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Financial Mirror (Cyprus) - - FRONT PAGE -

As the world’s rich and pow­er­ful gather at Davos this week, the IMF had a mes­sage for them and other world lead­ers. The agency fol­lowed the World Bank’s decision to down­grade the world’s grow rate.

And the IMF did take the tim­ing of Davos to pass along the fore­cast, its follow up to the Oc­to­ber 2014 World Eco­nomic Out­look

Global growth is fore­cast to rise mod­er­ately in 2015-16, from 3.3% in 2014 to 3.5% in 2015 and 3.7% in 2016, re­vised down by 0.3% for both years rel­a­tive to the Oc­to­ber 2014 World Eco­nomic Out­look (WEO).

As with the World Bank as­sess­ment, the U.S. was among the only bright spots.

For 2015, the U.S. eco­nomic growth has been re­vised up to 3.6%, largely due to more ro­bust pri­vate do­mes­tic de­mand, the IMF re­port said.

Cheaper oil is boost­ing real in­comes and con­sumer sen­ti­ment, and there is con­tin­ued support from ac­com­moda­tive mon­e­tary pol­icy, de­spite the pro­jected grad­ual rise in in­ter­est rates. In con­trast, weaker in­vest­ment prospects weigh on the euro area growth out­look, which has been re­vised down to 1.2%, de­spite the support from lower oil prices, fur­ther mon­e­tary pol­icy eas­ing, a more neu­tral fis­cal pol­icy stance, and the re­cent euro de­pre­ci­a­tion. In Ja­pan, where the econ­omy fell into tech­ni­cal re­ces­sion in the third quar­ter of 2014, growth has been re­vised down to 0.6%. Pol­icy re­sponses, to­gether with the oil price boost and yen de­pre­ci­a­tion, are ex­pected to strengthen growth in 2015–16.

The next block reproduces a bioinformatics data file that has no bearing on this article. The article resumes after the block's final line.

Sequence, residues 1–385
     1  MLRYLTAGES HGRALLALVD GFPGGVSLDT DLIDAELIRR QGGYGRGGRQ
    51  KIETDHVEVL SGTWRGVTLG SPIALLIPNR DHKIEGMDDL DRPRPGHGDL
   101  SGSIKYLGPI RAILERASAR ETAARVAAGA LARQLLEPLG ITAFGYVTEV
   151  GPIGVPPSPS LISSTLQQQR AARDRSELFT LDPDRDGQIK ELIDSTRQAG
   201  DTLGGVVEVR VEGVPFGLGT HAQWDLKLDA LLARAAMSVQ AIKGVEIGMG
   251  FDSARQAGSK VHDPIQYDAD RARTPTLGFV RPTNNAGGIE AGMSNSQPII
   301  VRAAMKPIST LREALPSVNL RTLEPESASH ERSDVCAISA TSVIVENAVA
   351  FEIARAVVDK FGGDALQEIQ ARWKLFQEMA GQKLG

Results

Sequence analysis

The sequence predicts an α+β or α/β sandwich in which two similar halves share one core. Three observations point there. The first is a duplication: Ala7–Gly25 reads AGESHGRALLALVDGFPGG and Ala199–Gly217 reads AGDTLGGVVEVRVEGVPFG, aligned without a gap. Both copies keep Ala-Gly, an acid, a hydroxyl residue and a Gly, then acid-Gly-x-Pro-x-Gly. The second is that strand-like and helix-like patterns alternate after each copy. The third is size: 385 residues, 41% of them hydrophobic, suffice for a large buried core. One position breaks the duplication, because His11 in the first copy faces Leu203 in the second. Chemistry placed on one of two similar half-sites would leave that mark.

The prob­lems in Ja­pan and the euro area are sim­ply con­tin­u­a­tions of trou­bles since the Great Re­ces­sion although there was a brief pe­riod when the forecasts for Europe im­proved.

As China an­nounced 2014 GDP growth of 7.4% for 2014, the IMF be­came more pes­simistic about its prospects: “The growth fore­cast for China, where in­vest­ment growth has slowed and is ex­pected to mod­er­ate fur­ther, has been marked down to be­low 7%. The au­thor­i­ties are now ex­pected to put greater weight on re­duc­ing vul­ner­a­bil­i­ties from re­cent rapid credit and in­vest­ment growth and hence the fore­cast as­sumes less of a pol­icy re­sponse to the un­der­ly­ing mod­er­a­tion. This lower growth, how­ever, is af­fect­ing the rest of Asia.”

China ex­ists in a strange sit­u­a­tion where 7% GDP growth of the world’s sec­ond largest na­tion eco­nom­i­cally is a dis­ap­point­ment. How­ever just a year ago it and other large emerg­ing na­tions were sup­posed to be the en­gines of global eco­nomic ex­pan­sion.

And, the news about Rus­sia was as ex­pected: “Rus­sia’s eco­nomic out­look is much weaker, with growth fore­cast down­graded to -3.0% for 2015, as a re­sult of the eco­nomic im­pact of sharply lower oil prices and in­creased geopo­lit­i­cal ten­sions.

Sanc­tions and oil prices con­tinue to take their tolls.

For the time be­ing, the “growth po­si­tion has been passed back to the U.S.

en­gine”

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